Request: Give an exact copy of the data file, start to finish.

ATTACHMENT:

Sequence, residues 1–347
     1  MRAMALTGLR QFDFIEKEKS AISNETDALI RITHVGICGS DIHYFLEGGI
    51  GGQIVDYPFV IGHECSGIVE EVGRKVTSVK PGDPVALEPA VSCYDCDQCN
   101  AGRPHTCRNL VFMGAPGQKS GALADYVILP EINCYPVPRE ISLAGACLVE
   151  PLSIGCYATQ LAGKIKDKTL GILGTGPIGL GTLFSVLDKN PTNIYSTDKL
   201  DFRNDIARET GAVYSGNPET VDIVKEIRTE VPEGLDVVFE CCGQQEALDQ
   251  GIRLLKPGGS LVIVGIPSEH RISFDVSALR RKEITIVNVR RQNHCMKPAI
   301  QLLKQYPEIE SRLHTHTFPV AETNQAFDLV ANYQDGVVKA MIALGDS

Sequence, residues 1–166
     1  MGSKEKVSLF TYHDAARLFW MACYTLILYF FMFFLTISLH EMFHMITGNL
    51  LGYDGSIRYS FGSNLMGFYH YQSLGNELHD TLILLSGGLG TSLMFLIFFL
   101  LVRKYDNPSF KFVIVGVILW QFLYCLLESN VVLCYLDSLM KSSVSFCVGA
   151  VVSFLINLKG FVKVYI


Sequence, residues 1–347
     1  MRAMALTGLR QFDFIEKEKS AISNETDALI RITHVGICGS DIHYFLEGGI
    51  GGQIVDYPFV IGHECSGIVE EVGRKVTSVK PGDPVALEPA VSCYDCDQCN
   101  AGRPHTCRNL VFMGAPGQKS GALADYVILP EINCYPVPRE ISLAGACLVE
   151  PLSIGCYATQ LAGKIKDKTL GILGTGPIGL GTLFSVLDKN PTNIYSTDKL
   201  DFRNDIARET GAVYSGNPET VDIVKEIRTE VPEGLDVVFE CCGQQEALDQ
   251  GIRLLKPGGS LVIVGIPSEH RISFDVSALR RKEITIVNVR RQNHCMKPAI
   301  QLLKQYPEIE SRLHTHTFPV AETNQAFDLV ANYQDGVVKA MIALGDS

Sequence, residues 1–166
     1  MGSKEKVSLF TYHDAARLFW MACYTLILYF FMFFLTISLH EMFHMITGNL
    51  LGYDGSIRYS FGSNLMGFYH YQSLGNELHD TLILLSGGLG TSLMFLIFFL
   101  LVRKYDNPSF KFVIVGVILW QFLYCLLESN VVLCYLDSLM KSSVSFCVGA
   151  VVSFLINLKG FVKVYI